For some brands, the term TFP is a rather dreaded phrase, often synonymous with poor performance, tardy models, amateur hair and makeup and general chaos. However, in many ways, Trade for Print ( TFP ) helps many in the fashion industry to get their start, find creative ideas and experiment with concepts that normally would be too expensive otherwise. TFP helps make the industry work, however for the very same reasons, TFP also creates a great deal of hesitation, but with the right team, it can definitely be a great opportunity to make something great. TFP is all about understanding the commitment, from the models committing to being on time and prepared to HMUA understanding the creative vision and the photographer being able to execute. There are a few tools that help make TFP easier, outside of working with a quality team equally invested in the collection vision.
Location Scouting with Shoot Local
Image Source: John Hong Shot Me
Very few things are more difficult than finding the perfect location to shoot. However, its not easy translating the image in your head to one as the photographer or a location scout ( if you are fortunate enough to have one ) has to go out and find. That amazing local where everything from the architecture to the lighting to the overall ambience match perfectly the vision in your mind often isn’t readily available. Sometimes, you are lucky enough to have a friend with a villa just out of town or be a close friend of the manager of a boutique hotel that opened up in a trendy neighborhood. But barring those unlikely situations and a budget to pay for access to more premier locations, you are left driving or drudging around to likely areas to plan out the next collaboration.
Enter location scouting tools like Shoot Local, which enable just able anyone to source and share cool locations, from that lion head statue in the park to the fountains right beside the waterfront all the wall to that cool painted wall in the hipster part of town. Local Shoot unlike other apps is completely free and a great way to join a photographer’s community. Join the hunt for locations and encourage other photographers to join and help you discover locations as well. This app really helps take advantage of a community dedicated to helping each other do their work better, which is exactly the spirit TFP entails.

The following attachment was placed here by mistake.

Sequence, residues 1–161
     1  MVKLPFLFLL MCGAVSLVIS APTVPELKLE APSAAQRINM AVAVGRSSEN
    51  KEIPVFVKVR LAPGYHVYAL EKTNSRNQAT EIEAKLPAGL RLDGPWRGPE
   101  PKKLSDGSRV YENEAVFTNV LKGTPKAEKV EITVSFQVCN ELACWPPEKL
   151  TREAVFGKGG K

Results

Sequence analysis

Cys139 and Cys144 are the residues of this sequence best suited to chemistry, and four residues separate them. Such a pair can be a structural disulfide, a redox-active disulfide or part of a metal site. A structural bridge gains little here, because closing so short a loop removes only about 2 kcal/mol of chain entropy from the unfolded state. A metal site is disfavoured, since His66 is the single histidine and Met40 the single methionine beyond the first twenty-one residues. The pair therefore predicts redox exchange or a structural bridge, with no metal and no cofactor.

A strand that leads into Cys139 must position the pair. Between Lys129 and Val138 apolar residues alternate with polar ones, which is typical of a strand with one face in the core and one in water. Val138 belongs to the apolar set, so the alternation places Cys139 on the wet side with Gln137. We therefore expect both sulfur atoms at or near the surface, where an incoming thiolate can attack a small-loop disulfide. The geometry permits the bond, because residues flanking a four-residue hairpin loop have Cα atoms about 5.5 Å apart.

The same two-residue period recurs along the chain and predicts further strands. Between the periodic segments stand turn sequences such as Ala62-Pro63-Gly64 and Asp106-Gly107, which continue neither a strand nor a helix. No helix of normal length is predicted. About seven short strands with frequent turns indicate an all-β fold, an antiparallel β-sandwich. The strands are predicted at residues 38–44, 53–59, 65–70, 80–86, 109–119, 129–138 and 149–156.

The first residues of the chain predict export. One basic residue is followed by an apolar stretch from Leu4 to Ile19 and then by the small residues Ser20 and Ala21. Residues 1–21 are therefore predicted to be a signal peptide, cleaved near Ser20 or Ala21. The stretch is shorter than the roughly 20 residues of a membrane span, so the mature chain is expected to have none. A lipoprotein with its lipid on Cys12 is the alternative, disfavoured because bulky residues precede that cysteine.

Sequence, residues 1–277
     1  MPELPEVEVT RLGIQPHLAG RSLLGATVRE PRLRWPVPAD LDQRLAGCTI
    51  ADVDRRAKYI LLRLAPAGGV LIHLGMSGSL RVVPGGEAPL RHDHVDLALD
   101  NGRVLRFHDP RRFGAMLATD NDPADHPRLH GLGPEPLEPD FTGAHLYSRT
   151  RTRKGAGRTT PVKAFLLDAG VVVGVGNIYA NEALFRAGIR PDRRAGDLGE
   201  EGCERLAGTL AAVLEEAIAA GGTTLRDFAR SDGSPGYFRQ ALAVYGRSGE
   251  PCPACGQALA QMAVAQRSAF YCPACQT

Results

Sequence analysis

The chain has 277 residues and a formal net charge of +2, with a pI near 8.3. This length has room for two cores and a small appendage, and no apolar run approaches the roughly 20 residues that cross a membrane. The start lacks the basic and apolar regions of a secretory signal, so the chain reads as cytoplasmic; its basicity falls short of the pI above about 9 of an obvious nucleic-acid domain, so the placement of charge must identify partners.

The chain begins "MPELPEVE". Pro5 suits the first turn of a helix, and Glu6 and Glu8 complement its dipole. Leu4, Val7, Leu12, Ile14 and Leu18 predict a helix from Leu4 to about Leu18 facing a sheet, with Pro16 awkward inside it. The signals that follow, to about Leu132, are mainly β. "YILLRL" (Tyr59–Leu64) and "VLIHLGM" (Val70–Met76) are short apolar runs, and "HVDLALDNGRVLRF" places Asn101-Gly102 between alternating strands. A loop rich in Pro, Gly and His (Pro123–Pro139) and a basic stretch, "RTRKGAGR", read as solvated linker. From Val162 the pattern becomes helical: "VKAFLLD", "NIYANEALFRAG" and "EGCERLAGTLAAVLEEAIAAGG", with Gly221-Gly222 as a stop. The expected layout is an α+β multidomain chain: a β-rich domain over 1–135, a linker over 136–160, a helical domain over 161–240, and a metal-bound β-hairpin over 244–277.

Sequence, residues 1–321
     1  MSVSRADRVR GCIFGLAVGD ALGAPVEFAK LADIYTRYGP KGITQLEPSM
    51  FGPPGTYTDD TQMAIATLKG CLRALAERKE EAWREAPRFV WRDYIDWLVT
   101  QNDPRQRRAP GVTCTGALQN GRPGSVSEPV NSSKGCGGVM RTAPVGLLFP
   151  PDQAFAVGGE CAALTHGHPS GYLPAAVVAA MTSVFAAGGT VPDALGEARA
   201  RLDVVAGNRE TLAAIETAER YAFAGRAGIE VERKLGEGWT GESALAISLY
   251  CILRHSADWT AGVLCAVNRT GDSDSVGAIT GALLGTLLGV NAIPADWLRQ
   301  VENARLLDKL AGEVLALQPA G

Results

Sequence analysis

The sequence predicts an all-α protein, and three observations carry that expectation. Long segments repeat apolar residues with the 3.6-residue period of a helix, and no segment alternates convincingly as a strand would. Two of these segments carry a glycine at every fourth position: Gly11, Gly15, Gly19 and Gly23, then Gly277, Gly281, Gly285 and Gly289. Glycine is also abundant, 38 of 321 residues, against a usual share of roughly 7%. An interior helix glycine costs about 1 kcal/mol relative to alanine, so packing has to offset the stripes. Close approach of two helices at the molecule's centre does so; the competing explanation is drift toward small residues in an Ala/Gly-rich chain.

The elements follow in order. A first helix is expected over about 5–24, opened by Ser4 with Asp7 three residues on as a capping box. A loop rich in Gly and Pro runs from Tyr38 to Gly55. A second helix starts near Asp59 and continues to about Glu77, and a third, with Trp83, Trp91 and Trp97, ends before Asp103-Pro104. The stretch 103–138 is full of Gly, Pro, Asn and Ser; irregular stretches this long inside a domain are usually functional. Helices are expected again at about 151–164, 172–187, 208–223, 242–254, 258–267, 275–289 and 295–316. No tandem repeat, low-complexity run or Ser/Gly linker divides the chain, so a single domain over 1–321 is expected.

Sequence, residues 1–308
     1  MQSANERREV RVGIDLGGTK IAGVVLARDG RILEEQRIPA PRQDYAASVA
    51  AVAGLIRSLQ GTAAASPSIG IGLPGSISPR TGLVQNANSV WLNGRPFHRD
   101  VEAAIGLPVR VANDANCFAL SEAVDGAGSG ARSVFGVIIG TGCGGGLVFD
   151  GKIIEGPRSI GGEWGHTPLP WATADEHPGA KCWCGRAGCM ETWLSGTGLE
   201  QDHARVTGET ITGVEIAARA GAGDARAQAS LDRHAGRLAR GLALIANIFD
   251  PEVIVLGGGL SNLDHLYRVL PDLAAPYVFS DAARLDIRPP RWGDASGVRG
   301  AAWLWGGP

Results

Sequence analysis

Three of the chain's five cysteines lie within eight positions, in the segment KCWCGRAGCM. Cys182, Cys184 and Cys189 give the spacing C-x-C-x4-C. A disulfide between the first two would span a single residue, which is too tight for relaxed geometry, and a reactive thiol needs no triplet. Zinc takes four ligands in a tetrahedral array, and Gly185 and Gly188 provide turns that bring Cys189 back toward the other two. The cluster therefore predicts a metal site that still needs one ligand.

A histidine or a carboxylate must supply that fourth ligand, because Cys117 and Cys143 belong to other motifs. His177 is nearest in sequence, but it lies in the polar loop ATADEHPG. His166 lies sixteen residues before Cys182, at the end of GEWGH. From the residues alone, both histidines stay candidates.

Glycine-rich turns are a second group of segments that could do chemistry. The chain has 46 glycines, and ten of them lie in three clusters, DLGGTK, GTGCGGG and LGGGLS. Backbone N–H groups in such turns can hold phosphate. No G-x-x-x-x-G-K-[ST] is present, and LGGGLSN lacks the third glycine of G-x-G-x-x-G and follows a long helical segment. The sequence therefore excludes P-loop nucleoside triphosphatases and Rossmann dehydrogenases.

Portfolio Sharing with Kredo
Image Source: Kredo
Organizing a team is typically the largest headache, as one person may have an Instagram page dedicated to their work, another a Behance Account, a third using Model Mayhem and then of course each has a website with different images and different layouts, some of which have a portfolio that matches the vision and others without. This chaos makes even the most efficient organizers pull their hair out in frustration as it would be great to have a seemless display of all these various portfolios at once. Enter Kredo, which allows a user to display their portfolio in a high resolution and intuitive retina display format.
The upside to this is a Pinterest-like ability to create projects, share them via email or Facebook or Twitter and even password-protect them. These projects typically contain images from a single photographer, but can be repurposed to include the work from the entire team. This of course is manageable by downloading key photos from Dropbox or iCloud or similar storage channels and organizing them with or without internet connections. While there are certainly other ways to achieve this and this isn’t 100% what Kredo was designed for, its still a great way to organize the portfolios of the team and easily make a decision on who fits and who doesn’t.
Image Sharing with Last Look
Image Source: Last Look
Few elements are more important after any work than getting the final deliverables. During a normal paid shoot, this is made extremely easy due to the brand / photographer owning all the rights to the photography and publishing them of their own accord or utilizing the imagery as they see fit. Additionally, there is normally a waiver or agreement of some sort that all parties will be compensated, but usually cannot earn royalties or residual income from the usage of said imagery or publish it without express permission. Strict, but it protects the owner’s best interest. However, with TFP, this all goes out the window.
Not only is the photographer usually responsible for ensuring that the images are distributed accordingly to whomever organized the shoot ( unless the photographer is the organizer ), but also must disseminate images that are properly retouched and reflective of the collective work to any stylists, HMUA, models, assistants, designers and / or others who may have been involved in the shoot. Enter Last Look, an app that allows images to be shared with others, who then can comment on the images and come to a collective decision of which images should be used. This comes in handy when you have a team of ten that collaborated to create a beautiful Summer Lookbook and mitigates the stress on the photographer to return materials right away as everyone can see their progress almost in real time.
Featured Image: Sinuous Mag